It has been a trying time for the nation of Kenya, particularly for the opposition and its supporters. National elections were held on the 8th of August, and the results were not well received by Raila Odinga, the National Super Alliance (NASA) chair, and his team. The party subsequently filed a petition on the 26th of August that would see a long struggle between two teams of brilliant lawyers, one group (including: Paul Muite, Kamau Karori, Patrick Lumumba, and Isa Mansur) acting on behalf of the IEBC, and another legal team (including: Otiende Amolo, Peter Kaluma, Amos Wako, Anthony Oluoch, Moses Wetangula, Jackson Awele and James Orengo) acting on behalf of the petitioner, Raila Odinga.
Their hard work finally bore fruit as the courts, one month later, decided to nullify the results of the August election and called for fresh polls to take place in 60 days. The court cited irregularities by the electoral board as the reason for nullification. Judge David Maraga was the bearer of this news, and while his action has been termed as brave by the followers of the opposition, the IEBC and the incumbent President had different views of the situation.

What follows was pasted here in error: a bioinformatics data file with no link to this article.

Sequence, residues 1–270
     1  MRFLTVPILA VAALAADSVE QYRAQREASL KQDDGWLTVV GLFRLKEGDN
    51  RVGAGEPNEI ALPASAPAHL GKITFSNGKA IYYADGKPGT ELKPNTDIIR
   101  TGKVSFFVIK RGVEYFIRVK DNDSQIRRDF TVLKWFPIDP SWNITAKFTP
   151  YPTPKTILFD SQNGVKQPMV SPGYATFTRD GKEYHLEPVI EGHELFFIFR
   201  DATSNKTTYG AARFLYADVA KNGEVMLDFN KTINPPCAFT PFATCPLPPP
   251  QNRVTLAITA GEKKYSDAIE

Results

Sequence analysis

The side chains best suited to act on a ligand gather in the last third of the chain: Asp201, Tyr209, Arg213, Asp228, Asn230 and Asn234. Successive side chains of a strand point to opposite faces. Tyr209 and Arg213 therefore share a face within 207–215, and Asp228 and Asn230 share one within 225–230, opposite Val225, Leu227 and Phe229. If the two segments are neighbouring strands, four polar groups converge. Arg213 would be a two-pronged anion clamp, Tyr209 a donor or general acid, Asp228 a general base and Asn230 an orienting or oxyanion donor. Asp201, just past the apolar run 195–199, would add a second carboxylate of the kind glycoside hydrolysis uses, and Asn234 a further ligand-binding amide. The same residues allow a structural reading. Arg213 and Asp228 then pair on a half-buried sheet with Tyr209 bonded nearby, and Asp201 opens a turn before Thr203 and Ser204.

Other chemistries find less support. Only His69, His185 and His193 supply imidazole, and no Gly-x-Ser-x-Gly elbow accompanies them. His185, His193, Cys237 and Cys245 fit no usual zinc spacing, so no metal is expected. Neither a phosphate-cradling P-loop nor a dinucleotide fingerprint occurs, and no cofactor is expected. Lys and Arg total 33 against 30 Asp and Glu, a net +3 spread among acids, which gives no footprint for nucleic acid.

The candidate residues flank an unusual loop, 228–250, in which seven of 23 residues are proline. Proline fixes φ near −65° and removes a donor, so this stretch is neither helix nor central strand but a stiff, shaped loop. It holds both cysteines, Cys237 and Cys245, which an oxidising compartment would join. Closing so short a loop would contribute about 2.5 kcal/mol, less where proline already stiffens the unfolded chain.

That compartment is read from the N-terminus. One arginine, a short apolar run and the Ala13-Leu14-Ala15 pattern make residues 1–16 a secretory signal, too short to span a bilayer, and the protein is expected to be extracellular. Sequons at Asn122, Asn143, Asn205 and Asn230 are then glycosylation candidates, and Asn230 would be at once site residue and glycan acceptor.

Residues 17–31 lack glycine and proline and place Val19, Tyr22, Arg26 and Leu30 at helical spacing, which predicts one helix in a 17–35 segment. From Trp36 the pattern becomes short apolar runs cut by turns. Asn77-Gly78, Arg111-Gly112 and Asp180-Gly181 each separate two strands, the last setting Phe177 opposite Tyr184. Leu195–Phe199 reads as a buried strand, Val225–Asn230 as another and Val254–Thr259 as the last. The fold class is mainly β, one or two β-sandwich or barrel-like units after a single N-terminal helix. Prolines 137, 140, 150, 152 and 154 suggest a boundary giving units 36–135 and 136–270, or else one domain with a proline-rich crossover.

In a press statement, the President revealed his disappointment in the Supreme Court, citing that he did not agree with the decision made by the courts, but that he respects it. He indicated that he is ready to face off his opponent in a run off in November. The President also called for peace and urged Kenyans to refrain from divisive politics. He then went ahead to campaign in Burma Market as the crowds continued cheering. The ruling has also restored hope in the judicial system of not only Kenya, but Africa as a whole, as electoral systems in many countries across the Continent are often marred by corruption and political pressure. Furthermore, the verdict puts to question the credibility of the international observers—including former US Secretary of State, John Kerry—who had agreed that the electoral process was fair and credible.